Back in the early days of high school, my fellow students would joke about the way in which English teachers inserted meaning into every work they came across, arguing that details as small as the colors of furniture or a certain way the wind blew was indicative of a deeper, philosophical statement threaded throughout a story. While it was easy to joke about this as a means of dismissing the merits of literary analysis or simply doing one’s homework, I tried to play devil’s advocate – arguing that yes, perhaps the color of the couch is indicative of something deeper.

But such a tactic is not applicable in all instances. Some stories simply exist for enjoyments sake, and while they may hold charming aspects, their merit rests in their whimsy and frivolity, not their philosophy.

An Open Mind

In the beginning of the class, I was skeptical as to whether or not Don Quixote would prove to be an inspiring figure, however, I did hold my own views with a grain of salt, open to the idea that throughout my reading, my mind could be changed. It wasn’t. Time and time again, I felt myself getting frustrated with the character and his out-of-touch decisions, as well as the implications they held on his companions, such as Sancho Panza.

What Makes a Leader?

A video watched in class from Stanford University described Don Quixote as a prime example of a leader, one who thinks outside the box, challenges life’s commonly held ideas, and above all, has a clear goal that they wish to achieve.

Don Quixote certainly thinks outside the box, however, such thinking is a result of misguided attempts to apply the dogmatic rules of chivalry he has attained through his readings of fictitious tales of knights from another time period. Rather than attempt to conform to the rules of his current society, Quixote is attempting to conform to idealized standards of a society before his time.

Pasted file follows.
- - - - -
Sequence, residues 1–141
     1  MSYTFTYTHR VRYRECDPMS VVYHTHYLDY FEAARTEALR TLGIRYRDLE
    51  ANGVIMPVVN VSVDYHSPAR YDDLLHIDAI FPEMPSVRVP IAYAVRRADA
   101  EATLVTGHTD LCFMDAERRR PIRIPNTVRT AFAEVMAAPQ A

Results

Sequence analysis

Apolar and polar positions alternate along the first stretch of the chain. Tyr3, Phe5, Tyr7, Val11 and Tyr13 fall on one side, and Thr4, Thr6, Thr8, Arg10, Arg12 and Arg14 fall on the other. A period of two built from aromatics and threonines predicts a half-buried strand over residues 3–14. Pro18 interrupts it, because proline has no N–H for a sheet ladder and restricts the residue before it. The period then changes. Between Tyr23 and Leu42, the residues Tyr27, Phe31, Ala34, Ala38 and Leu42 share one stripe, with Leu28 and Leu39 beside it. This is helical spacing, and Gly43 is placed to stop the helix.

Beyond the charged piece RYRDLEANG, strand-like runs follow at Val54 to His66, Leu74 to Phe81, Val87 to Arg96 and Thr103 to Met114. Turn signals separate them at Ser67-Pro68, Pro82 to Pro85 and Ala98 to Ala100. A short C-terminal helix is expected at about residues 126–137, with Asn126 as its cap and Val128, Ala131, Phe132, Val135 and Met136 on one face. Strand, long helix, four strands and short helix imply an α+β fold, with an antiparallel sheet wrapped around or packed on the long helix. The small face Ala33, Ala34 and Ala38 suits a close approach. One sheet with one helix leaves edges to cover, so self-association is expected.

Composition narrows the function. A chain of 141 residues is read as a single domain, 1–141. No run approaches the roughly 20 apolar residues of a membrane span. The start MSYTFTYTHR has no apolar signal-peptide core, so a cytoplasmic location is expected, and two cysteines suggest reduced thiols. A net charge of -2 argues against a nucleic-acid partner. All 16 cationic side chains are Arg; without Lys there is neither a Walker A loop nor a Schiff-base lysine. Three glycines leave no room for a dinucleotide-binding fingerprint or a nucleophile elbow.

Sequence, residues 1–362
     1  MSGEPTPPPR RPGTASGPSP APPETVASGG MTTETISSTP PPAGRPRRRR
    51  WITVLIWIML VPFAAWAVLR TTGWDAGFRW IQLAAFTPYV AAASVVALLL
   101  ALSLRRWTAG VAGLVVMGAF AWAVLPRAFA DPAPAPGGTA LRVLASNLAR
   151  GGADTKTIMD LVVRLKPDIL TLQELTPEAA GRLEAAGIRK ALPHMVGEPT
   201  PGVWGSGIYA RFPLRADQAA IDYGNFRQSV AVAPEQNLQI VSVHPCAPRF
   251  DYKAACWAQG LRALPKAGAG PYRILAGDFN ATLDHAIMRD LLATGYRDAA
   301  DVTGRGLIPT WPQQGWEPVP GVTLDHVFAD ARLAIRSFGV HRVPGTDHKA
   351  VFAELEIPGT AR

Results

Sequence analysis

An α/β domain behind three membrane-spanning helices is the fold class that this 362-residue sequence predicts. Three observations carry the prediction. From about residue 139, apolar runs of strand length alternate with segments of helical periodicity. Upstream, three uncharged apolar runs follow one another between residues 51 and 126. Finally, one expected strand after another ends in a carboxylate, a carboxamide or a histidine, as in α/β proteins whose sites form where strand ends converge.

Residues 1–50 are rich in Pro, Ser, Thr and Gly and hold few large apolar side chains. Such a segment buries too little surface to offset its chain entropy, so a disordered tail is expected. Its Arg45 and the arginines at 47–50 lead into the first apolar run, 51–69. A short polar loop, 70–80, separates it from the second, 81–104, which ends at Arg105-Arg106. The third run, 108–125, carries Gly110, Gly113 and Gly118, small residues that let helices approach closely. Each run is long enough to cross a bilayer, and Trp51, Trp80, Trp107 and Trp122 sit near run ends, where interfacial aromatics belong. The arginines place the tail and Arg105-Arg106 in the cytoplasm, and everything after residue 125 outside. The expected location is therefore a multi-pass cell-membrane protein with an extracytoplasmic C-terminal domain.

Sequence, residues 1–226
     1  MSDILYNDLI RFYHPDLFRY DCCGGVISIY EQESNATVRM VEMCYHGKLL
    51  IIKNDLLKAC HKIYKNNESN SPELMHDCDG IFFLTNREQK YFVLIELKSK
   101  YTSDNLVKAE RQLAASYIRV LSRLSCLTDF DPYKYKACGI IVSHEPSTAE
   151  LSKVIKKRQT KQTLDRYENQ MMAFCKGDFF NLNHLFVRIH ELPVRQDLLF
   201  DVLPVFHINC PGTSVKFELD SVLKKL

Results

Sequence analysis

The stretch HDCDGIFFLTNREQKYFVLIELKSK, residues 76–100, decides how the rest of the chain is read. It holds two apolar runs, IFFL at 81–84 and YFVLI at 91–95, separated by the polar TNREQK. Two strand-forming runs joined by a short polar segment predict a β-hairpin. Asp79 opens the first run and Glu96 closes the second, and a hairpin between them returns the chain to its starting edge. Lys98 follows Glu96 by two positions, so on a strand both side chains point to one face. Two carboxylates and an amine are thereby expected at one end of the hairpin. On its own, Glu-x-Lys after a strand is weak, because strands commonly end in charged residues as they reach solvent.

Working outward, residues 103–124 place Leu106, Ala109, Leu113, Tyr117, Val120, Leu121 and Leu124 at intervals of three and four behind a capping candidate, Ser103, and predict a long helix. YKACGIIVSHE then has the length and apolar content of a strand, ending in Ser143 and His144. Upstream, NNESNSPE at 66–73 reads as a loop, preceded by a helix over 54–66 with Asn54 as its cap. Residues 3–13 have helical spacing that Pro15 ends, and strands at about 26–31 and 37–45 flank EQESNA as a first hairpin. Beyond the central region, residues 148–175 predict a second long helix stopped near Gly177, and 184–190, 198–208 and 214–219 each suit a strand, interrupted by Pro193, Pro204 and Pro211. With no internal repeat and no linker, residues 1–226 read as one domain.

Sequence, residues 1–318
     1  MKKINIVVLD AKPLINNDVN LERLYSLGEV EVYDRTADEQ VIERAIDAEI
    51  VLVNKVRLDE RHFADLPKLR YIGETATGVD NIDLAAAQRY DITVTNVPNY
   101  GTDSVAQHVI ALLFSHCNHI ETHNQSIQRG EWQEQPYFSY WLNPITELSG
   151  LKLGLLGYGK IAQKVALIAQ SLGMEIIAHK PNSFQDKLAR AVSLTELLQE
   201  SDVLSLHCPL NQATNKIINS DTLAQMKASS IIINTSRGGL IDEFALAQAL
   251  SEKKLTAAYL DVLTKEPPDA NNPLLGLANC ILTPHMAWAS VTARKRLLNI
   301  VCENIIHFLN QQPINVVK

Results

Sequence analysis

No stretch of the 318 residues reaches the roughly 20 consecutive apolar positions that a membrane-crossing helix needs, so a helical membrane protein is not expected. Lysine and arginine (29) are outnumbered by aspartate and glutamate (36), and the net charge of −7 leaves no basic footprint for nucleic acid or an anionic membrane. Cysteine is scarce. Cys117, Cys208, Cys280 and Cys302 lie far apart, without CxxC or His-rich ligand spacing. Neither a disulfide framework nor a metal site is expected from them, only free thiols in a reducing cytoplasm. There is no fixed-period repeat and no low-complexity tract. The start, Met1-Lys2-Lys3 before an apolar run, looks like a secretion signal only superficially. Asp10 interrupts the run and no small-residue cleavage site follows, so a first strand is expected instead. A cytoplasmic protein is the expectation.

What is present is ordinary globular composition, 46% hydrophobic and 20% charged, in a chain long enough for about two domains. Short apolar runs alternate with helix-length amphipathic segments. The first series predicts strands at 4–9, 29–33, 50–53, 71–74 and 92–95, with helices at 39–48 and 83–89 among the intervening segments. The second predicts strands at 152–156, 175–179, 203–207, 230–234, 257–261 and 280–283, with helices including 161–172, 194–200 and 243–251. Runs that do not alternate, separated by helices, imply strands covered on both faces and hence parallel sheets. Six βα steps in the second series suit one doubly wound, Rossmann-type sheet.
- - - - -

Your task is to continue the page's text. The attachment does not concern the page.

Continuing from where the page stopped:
Let it also be noted that throughout the story, other than the ambiguous idea of “providing justice” or “protecting a group of people,” we are unsure of what Quixote’s goals are. Quixote is so out of touch with reality that his goals cannot even be clearly articulated. Quixote’s only true follower is Sancho Panza, who, while extremely fond of Quixote, is no perfect right-hand man. For much of the story, Panza remains with Quixote merely for the promise of an island to govern.

Okay, but do Quixote and MLK Truly Possess Similar Qualities?

Sure, both figures held extraordinary visions and went off the beaten path with their ideas. But Martin Luther King Jr’s ideas were that of social change and peace, by which he attempted to spread throughout society with a clear path, detailed message, and organized strategy. Don Quixote, on the other hand has never been able to attract the support of others around him, and most of his actions mainly fuel his own delusions of knighthood, no matter how well-meaning he may have been.

While both figures faced opposition, the difference lies in the organization and application of the two. Don Quixote is not a “natural leader” or “strong leader” in the sense of Martin Luther King Jr, or any other such figure, as he lacks organization, clear goals, and truly beneficial ideas to society. While it is true that all leaders require a certain degree of eccentricity, it is not true that the sheer presence of eccentricity makes on a leader.

By the logic of the video, it could be easily stated that any figure is a great leader – simply for their nuances.

The Merit of Don Quixote

The merit of Cervantes’ work lies in its groundbreaking nature. Don Quixote was the first novel of its sort, a tale of satire, farce, and comedy – an excellently written work that has transcended time, thus appealing to generation after generation of reader. We read Don Quixote to get a smile on our faces at the silly misadventures of a wannabe knight-errant and his sidekick, and to marvel at the universe of wonder that Cervantes has created, in which reality and fantasy often coincide. After all, it is true that “there is no book so bad…that it does not have something good in it.” But what that “good” truly is may vary.